“Last night, in the midst of the CCC fallout, Burke hit the airwaves with a dazzling claim that he had lunched with McGinty, supposedly his arch enemy, and even advised him through a middleman prior to the last election.”

A day later, Premier Alan Carpenter, speaking from Kununurra, was confronted by ABC morning host, Geoff Hutchinson, with several incisive questions.

Hutchinson: “Are you satisfied that your members, including senior ministers like Jim McGinty and his staff members are having no contact at all with Brian Burke and Julian Grill?

“Are all the old relationships, your own included, so fenced off now, the doors are boarded up, that we never need ask this question anymore?”

Carpenter: “Oh, people will ask it forever. I mean there are some bizarre propositions being put around. I can’t believe this one, that Jim McGinty is sort of, you know, seeking advice from, being influenced by Brian Burke.

“I mean, it’s just so farfetched that it defies belief and if people who are making those sorts of assertions are too lazy to get down and actually do some real analysis of the circumstances…”

Hutchinson: “Well let’s just put that one on the record that you say that that’s not happening?”

Carpenter: “Well, of course…of course it’s not. Jim McGinty and Brian Burke, for God’s sake Geoff.”

Since this issue is now in the public arena it should be fully and finally resolved.

Did Messrs Burke and McGinty lunch together or not, and did they communicate in a somewhat clandestine manner via a third party during the 2005 state election campaign?

That, to use a current cliche, is the elephant in the room. And the reason is that Dr Gallop had blackbanned Messrs Burke and Grill from speaking to or meeting ministers.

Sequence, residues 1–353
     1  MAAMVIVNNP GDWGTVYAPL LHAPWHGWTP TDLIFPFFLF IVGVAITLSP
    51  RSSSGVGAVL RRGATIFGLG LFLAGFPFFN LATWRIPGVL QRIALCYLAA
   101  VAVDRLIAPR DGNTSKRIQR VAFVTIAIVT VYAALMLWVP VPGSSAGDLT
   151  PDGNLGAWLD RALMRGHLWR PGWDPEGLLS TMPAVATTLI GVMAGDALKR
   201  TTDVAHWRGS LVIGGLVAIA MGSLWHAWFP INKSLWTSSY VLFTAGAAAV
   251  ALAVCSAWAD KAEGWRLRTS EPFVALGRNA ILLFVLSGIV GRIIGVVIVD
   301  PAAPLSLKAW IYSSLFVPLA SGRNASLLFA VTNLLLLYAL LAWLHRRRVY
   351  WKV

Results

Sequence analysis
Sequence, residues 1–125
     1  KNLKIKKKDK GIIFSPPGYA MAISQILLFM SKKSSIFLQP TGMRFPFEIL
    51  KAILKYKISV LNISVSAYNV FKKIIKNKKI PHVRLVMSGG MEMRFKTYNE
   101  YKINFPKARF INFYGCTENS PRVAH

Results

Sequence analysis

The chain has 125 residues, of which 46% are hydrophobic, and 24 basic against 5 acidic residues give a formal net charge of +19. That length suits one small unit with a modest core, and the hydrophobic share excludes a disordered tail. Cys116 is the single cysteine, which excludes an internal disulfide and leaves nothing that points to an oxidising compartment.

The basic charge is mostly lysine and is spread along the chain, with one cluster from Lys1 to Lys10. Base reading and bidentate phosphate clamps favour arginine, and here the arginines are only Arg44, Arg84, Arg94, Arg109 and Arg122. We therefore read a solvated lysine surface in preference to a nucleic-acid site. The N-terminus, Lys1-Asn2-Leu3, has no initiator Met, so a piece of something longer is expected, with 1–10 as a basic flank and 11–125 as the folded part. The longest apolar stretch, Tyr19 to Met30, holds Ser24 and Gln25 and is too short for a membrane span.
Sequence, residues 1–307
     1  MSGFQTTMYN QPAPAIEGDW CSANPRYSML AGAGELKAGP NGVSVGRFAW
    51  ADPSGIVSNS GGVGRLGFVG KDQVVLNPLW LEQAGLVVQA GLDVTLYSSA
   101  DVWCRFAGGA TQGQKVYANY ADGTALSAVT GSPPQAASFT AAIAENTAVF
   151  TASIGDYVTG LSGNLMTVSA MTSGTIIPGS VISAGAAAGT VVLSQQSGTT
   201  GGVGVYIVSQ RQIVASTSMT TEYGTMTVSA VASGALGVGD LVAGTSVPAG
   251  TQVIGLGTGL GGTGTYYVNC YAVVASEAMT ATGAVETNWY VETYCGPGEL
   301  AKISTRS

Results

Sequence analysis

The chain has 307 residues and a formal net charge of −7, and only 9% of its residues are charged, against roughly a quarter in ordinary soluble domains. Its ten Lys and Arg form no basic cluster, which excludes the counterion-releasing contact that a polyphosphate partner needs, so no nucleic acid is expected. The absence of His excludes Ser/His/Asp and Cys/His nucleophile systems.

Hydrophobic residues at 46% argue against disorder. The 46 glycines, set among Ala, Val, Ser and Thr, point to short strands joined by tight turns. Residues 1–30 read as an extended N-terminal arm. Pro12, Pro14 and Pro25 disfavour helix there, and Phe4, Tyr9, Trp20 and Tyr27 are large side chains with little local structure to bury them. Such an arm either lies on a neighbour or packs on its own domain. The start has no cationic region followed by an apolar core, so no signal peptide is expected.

Now, did that apply to all ministers, including the attorney-general?

Or was Mr McGinty, the state’s first law official, bequeathed a privileged status.

If the latter, who decided he could meet with and communicate, via a third party, with Mr Burke?

Did Dr Gallop know of this? And if not, why not?

It’s time Mr McGinty came clean. There shouldn’t be one law for the state’s first legal officer and another for other MPs.

Another reason is that it was Mr McGinty, as attorney-general, who gave the all-clear for Mr Burke’s telephone to be tapped by CCC eavesdroppers, and for Mr Grill’s apartment to be wired.

If Mr McGinty had some form of contact, even if via a third party, with Mr Burke, it’s time this bizarre twist to the CCC’s investigations of Messrs Burke and Grill was unveiled.

The public has a right to know the precise nature of the Burke-McGinty relationship.

How can this best be done?

Simple.

It’s no use the public having to rely solely on Mr Burke’s claims on radio that the two lunched together and used an intermediary to communicate on election campaigning matters.

It’s also no use replying on Mr Carpenter’s weak second-hand denial: “…well, of course…of course it’s not. Jim McGinty and Brian Burke, for God’s sake Geoff.”

No. Only Mr McGinty can provide the answers.

But rather than questions being put to him by the media, the opposition should demand a detailed statement to parliament.  Until then, the ever-intriguing CCC inquiry into lobbying won’t be fully disclosed.

Presumably Mr Burke, as the target of Mr McGinty’s all-clear for the tapping of his telephones, would want to be in parliament’s public gallery as Mr McGinty explains.

That, of course, is if the Carpenter government doesn’t ban Mr Burke from entering Parliament House.

If it does, the opposition should move for a parliamentary inquiry and call Mr Burke and Mr McGinty for questioning.

Remember, last December, Mr McGinty demanded nothing less, and he got it, when complaints surfaced about failed Liberal leader, Matt Birney’s tampering with his pecuniary interests file.

State Scene is confident Mr Birney would willingly move such a motion for the convening of a parliamentary committee of inquiry.

STANDING BY BUSINESS. TRUSTED BY BUSINESS.